Category: St Andrews Cathedral

Journal of Virtual Worlds Research

This new paper in the Journal of Virtual Worlds Research provides a nice overview of  “Virtual Archaeology in Second Life and OpenSimulator” “Traditional approaches to virtual archaeology include dealing with research methods to capture information from heritage sites, creating models out of that information and how to present them to the public; these are intense technical procedures which might be… Read more →

The Madras Experience

Pupils from Madras College in St Andrews had an opportunity to interact with the virtual reconstruction of St Andrews Cathedral earlier this month. After classroom presentations on Monday and Tuesday, pupils used the 3D reconstruction to complete a task sheet on Wednesday and Thursday to reveal interesting facts about the cathedral, medieval characters and lifestyles. Robert the Bruce was in-world… Read more →

Open Virtual Worlds News

What’s happening at  Open Virtual Worlds? The Palace and the Cathedral go to Paris. The 3D reconstruction of Linlithgow Palace and St Andrews Cathedral will feature at the Immersive Education Initiative (IED) Paris Summit later this month. CJ and John will be at MetaMeets “The Art of Creation : Virtuality meets Reality” 2012 in Holland. John’s Routing Island world was… Read more →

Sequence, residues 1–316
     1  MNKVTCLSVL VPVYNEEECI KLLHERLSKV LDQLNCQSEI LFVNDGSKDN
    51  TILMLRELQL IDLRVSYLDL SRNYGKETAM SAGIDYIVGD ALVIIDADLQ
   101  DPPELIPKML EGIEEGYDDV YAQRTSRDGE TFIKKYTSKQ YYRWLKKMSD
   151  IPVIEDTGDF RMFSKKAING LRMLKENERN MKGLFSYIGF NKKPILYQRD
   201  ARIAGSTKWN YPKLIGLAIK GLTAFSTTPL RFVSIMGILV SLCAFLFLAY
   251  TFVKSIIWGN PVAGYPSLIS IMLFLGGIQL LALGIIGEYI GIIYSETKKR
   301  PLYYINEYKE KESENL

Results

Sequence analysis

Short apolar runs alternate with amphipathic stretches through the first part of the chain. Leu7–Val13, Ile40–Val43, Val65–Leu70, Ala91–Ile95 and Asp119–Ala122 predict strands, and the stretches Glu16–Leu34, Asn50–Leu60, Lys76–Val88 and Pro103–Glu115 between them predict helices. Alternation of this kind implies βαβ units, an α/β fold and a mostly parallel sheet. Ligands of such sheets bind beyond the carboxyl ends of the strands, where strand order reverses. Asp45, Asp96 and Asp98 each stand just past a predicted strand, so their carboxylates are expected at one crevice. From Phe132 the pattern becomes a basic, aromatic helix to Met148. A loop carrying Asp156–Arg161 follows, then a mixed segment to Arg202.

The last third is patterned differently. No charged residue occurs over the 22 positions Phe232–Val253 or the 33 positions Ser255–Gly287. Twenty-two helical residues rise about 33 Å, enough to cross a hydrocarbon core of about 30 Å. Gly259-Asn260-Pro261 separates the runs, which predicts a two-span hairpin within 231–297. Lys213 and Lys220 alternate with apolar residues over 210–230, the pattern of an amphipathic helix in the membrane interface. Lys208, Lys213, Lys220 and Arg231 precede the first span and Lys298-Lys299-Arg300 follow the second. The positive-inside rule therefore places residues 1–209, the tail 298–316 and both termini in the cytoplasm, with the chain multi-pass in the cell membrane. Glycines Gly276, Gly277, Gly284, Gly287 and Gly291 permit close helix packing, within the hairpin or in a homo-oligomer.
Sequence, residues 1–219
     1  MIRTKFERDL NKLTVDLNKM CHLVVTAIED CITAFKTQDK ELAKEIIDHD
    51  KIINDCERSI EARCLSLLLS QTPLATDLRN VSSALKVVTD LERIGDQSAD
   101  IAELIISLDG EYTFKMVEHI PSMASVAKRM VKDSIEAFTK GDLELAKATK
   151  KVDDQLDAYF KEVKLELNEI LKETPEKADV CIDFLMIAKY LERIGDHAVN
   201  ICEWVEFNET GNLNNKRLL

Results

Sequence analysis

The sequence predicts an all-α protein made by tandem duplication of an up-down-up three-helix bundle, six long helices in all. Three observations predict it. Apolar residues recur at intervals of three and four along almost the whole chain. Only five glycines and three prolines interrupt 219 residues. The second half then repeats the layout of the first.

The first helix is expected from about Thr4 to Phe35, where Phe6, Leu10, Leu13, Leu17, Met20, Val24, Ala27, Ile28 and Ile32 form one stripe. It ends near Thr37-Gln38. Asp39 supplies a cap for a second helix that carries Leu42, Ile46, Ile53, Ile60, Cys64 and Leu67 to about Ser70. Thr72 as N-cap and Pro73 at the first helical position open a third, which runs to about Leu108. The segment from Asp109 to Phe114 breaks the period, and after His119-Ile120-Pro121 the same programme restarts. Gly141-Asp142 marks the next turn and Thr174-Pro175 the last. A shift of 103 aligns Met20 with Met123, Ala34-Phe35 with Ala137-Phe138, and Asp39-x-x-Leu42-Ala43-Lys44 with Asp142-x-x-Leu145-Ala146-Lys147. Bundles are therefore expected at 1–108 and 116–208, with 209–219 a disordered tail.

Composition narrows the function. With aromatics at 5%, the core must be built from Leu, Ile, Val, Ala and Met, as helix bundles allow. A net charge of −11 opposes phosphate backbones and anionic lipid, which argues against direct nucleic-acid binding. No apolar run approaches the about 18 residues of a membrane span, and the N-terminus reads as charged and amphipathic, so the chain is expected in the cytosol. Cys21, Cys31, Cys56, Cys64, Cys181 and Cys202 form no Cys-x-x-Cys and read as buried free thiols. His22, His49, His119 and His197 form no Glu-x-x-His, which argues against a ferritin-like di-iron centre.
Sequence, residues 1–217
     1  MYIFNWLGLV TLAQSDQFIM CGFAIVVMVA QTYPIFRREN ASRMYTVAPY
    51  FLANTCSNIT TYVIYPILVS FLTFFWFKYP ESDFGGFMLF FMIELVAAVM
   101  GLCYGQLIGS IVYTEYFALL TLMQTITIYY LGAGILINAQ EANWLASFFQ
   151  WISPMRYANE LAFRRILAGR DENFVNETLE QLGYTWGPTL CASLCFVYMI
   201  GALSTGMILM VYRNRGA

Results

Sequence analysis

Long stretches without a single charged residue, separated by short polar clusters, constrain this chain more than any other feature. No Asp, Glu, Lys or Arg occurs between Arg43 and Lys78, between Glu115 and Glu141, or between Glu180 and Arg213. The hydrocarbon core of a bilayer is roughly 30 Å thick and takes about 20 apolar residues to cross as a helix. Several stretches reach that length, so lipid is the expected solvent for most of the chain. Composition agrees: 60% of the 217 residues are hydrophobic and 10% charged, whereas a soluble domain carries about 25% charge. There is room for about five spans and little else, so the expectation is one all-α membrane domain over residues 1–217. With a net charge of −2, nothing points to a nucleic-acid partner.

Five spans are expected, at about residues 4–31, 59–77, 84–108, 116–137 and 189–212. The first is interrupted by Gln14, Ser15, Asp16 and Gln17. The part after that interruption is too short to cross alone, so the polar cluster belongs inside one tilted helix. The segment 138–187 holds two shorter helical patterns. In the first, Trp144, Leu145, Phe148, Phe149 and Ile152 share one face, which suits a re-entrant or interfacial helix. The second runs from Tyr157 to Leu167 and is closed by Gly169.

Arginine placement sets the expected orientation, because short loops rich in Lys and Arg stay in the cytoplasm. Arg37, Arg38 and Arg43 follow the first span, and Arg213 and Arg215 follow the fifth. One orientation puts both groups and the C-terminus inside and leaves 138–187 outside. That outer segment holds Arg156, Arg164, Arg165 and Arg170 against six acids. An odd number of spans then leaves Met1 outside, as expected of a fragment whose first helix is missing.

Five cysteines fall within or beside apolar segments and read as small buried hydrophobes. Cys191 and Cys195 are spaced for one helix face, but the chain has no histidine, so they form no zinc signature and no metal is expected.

Visitors Book

Comments from our visitors book used at Sensation in Dundee earlier this year, and Food for Thought on Sunday. Thanks to everyone who visited the exhibit and interacted with the Virtual Cathedral.  Visitors to the Virtual St Andrews Cathedral, were encouraged to leave some comments about their experience, the comments were hugely positive, with many relating to the possibility of… Read more →

Successful SELF bid

A proposed collaborative project between Open Virtual Worlds in Computer Science, Special Collections and Art History called Flexible Access to Medieval Books (FAB) has been successful in this year’s SELF funding. The goal of this project is to utilise 21st century technology to enable learners to participate in history and thereby to extend the boundaries of experiential learning. The project… Read more →